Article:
Teach your daughter to say ‘vagina’ loudly and clearly and not to be embarrassed by the word.

So said a Facebook forward.  Crikey – was this even contraversial?

I read through the comments just in case.  And yes, it turned out to be.  I found people commenting to the effect that we don’t teach our children to say ‘brachium’: we just call it an arm.  So why use ‘posh’ medical terms for the private parts?

Well, because I don’t know a ‘common’ unloaded, child-friendly universally-recognised equivalent for ‘vagina’.  The words all sound demeaning, jokey or rude.  As though you’re trying to avoid referring to something by its real name.

‘My tuppence looks a bit funny….’

As a vet in South Yorkshire, I have examined a lot of tuppences. The first time I gritted my teeth in case i’d guessed wrong.  But I had not.

It gave me false confidence in my guessing though.  A few months later, a bloke in Newcastle brought in a huge, uncastrated male great dane and asked me to look at its dominoes.  His face was a pretty colour when he had to explain he’d meant its teeth.


So can you think of a better word?  (For vagina, not teeth).  Is there a word as sensible and unloaded as ‘arm?’

Obviously, I googled it.  There were descriptive ones:  ‘Box,’ ‘Bearded clam,’ ‘Badly wrapped kebab,’ ‘Sideways smile,’ ‘Melissa’s mop-bucket.’  There are ruder ones (I’ll spare you those) and then there were things like FuFu, Fanny and Pussy.

So. ‘Vagina’ it’s going to be.  As soon as Toddler realises it isn’t part of her ‘bottom.’  And I have already heard her explaining very cheerfully to strangers that her bother has a ‘penist.’

Talking of Tiddler; Tiddler’s talking too.  He says the usual sort of thing:  ‘Quack-quack,’ ‘more,’ ‘mum,’ ‘Uh-oh’ and ‘No.’  Especially ‘no.’

Now is a traditional time for ‘Mother-ease’ (as researchers used to call it in the sexist seventies), more commonly referred to as ‘Baby-talk.’  You can imagine I’m not the sort of person who does this naturally (‘Shall we put our socky-wockies on our piggy-wiggies, then?’)  which is a shame because it’s supposed to be useful for the kids. Parents apparently have an evolved or cultural urge to do it.  But not this parent.

Still, I’m good with silly poetry and animal noises. I focus on that.  Toddler could make all the farmyard noises before she got ‘Mama’ and ‘Dada.’  Except for rabbits, of course.  There’s always that awkward silence when they want me to make a noise like a rabbit.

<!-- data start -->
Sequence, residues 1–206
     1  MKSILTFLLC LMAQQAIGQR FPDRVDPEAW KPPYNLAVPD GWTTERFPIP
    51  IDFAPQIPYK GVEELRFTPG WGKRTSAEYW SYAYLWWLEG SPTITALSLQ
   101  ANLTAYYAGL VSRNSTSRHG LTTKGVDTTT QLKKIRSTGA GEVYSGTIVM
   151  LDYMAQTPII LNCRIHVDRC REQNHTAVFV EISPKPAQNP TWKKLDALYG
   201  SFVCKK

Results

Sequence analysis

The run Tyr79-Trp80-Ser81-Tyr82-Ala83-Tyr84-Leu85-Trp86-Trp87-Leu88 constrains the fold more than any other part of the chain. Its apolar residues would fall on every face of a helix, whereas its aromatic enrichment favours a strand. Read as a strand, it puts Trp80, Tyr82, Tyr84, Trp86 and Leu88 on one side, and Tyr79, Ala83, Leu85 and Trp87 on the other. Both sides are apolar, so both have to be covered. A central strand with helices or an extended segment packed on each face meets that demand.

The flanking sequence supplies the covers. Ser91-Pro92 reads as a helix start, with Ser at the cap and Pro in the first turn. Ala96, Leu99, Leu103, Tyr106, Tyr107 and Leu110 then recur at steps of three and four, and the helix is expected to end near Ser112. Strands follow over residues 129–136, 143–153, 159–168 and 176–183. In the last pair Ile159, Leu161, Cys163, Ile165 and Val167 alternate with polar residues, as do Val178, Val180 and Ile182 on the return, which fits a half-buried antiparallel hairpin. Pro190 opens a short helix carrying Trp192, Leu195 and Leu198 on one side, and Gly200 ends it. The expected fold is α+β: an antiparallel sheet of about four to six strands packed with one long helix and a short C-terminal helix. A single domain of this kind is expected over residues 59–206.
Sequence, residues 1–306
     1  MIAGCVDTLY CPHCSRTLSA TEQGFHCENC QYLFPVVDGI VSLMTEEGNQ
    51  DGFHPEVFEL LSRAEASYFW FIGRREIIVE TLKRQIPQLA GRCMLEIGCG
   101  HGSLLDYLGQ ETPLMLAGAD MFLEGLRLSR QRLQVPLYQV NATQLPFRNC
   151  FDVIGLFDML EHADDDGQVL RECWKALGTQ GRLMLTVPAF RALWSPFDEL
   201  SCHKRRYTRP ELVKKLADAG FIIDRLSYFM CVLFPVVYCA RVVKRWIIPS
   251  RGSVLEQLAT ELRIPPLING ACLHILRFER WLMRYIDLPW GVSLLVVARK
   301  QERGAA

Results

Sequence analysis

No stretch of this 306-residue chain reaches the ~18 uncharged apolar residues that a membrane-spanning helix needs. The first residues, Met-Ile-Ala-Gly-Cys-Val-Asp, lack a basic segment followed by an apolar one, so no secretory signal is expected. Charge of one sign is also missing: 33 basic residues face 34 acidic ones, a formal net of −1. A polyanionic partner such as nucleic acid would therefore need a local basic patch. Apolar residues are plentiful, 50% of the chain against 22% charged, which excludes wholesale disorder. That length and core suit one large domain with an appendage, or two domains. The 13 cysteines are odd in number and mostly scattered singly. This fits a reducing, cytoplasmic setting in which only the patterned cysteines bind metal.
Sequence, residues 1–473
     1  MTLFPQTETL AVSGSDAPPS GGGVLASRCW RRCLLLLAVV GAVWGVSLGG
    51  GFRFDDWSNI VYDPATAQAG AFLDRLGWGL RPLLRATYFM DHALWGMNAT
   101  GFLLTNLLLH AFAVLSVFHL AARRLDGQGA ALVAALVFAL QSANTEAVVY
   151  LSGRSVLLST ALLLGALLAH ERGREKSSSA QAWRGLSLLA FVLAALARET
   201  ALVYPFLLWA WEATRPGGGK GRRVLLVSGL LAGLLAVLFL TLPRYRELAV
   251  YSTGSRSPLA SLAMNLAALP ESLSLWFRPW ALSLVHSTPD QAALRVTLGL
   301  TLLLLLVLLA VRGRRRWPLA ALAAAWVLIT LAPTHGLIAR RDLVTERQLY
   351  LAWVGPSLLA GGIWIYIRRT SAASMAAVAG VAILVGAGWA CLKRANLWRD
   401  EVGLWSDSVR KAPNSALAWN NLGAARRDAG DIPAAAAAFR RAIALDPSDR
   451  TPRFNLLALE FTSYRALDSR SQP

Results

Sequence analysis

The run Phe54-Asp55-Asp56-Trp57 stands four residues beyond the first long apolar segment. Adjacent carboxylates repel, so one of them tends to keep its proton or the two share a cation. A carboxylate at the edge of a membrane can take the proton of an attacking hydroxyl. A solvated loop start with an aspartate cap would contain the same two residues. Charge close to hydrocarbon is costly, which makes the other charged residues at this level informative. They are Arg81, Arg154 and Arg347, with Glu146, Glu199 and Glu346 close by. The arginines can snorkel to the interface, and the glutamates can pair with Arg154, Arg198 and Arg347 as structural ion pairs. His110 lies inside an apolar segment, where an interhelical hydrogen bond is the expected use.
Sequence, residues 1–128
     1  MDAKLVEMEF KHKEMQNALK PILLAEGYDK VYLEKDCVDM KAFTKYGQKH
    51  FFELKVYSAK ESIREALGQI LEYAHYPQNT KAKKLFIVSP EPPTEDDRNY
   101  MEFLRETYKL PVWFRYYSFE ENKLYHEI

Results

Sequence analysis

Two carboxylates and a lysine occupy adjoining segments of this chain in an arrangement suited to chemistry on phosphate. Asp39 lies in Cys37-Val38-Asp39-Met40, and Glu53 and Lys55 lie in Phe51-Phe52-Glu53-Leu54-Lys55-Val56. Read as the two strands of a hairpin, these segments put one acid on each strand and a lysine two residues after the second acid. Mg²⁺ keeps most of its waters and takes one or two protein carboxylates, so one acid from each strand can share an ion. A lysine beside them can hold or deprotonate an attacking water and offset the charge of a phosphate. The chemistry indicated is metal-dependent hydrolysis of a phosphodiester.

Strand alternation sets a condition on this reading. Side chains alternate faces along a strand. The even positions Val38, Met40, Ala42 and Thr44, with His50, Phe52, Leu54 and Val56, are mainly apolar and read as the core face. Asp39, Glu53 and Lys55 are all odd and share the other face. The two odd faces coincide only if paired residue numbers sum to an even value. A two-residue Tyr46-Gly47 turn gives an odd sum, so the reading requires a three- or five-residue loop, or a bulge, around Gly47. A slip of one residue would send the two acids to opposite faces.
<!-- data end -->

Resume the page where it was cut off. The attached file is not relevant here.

Pig noises cause issues, though.  I nearly died when Tiddler was the only one at Cathedral playgroup who did loud, realistic pig snorts in ‘Old McDonald’ instead of squeaking ‘oink, oink.’

There are times when linguistic development is not something to celebrate.  Soon they will learn that ‘bad’ language that shows a lack of imagination.  Of course, I say this with my tongue in my cheek: ‘Fuck’ is one of my favourite words:  it can be used as a noun or a verb, or adapted for adjectives with numerous different meanings.  Or simply as an emphatic space-filler.

You’d never have heard my Grannie say ‘fucking.’  She used to use the word ‘Damn,’ but it didn’t quite have the same versitility. ‘Damn’ was a polite swear-word harping back to a time when words to do with hell were even more evocative than those to do with sex.

Anyway, ‘Damn’ it was. And occasionally, ‘Sugar.’  But surely it takes as little imagination to say ‘sugar’ as ‘shit?’  ‘Damn’ as ‘Fucking?’  Sure, your choice of swear word marks out your generation but swearing is the way you use the word, not the word itself.  I thought I’d try ‘crocussing’ out, to describe my singing.  It is spring, after all.

I don’t want to “convey my frustration, isolation or embarassment at being unable to vibrate my vocal cords at such a speed that they resonate with those of the people around me in church.”  This is not what I want to say.

I want to say….

“How crocussed off am I not to be able to crocussing sing!”

You see?  For the introduction of a swear-word, the meaning comes out far more emphatically.

But there are words that make me wince.  I don’t like the c-word much (not ‘crocus,’ the other one).  I’ve already mentioned that words to do with sex were last generation’s shocking (following on from those about hell which were dying out by my Grannie’s time).  Well, one of my generation’s most evocative swear-words is to do with the female private parts and that ,makes me feel very sad.  Did I mention that I like the word ‘vagina,’ myself?

But back to the point: what should i tell the kids?  That I don’t swear?

Perhaps if they were stupid.

Sadly my kids are brighter than me.  They seem to win battles where, given the size and strength of the competetors, you would have thought the odds should be stacked against them.  They spot double-standards everywhere.  (‘Stop whining, Mummy,’ said Toddler the other day,  She sounded like my mother…..).  ,

Anyway, they’ve heard me swear so they are going to have to learn the more complex version.  About assessing situations before breathing out certain words.  I sometimes get that wrong and doubtless so will they.  I worry about getting into trouble with their school-teacher.

Still, they can always revert to their wonderful childish charm they carry about in their mouths.  Toddler now has sentences, and the ones that don’t begin with ‘why’ are beautiful.  I’ve never been more proud than when I heard her say she’d ‘putted’ something away – and not just because of the tidiness, but because she had taken the past tense rule and applied it to the word ‘put.’  She hadn’t copied ‘putted’.  It was something to celebrate.

And then there is a chestnut that still makes me smile every day:

‘Look, Mummy.  I’ve found snowdroppings.’


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